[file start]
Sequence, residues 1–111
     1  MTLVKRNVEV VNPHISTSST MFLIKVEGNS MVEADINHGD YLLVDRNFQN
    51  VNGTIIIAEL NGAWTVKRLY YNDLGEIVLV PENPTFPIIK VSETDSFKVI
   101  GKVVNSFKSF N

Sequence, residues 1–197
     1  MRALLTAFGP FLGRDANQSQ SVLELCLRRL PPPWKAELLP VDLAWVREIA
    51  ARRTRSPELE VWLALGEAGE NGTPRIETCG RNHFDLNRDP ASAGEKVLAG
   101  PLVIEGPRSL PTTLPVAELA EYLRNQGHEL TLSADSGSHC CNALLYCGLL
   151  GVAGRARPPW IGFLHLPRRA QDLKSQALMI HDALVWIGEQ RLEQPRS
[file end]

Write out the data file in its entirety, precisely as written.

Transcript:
Sequence, residues 1–111
     1  MTLVKRNVEV VNPHISTSST MFLIKVEGNS MVEADINHGD YLLVDRNFQN
    51  VNGTIIIAEL NGAWTVKRLY YNDLGEIVLV PENPTFPIIK VSETDSFKVI
   101  GKVVNSFKSF N

Sequence, residues 1–197
     1  MRALLTAFGP FLGRDANQSQ SVLELCLRRL PPPWKAELLP VDLAWVREIA
    51  ARRTRSPELE VWLALGEAGE NGTPRIETCG RNHFDLNRDP ASAGEKVLAG
   101  PLVIEGPRSL PTTLPVAELA EYLRNQGHEL TLSADSGSHC CNALLYCGLL
   151  GVAGRARPPW IGFLHLPRRA QDLKSQALMI HDALVWIGEQ RLEQPRS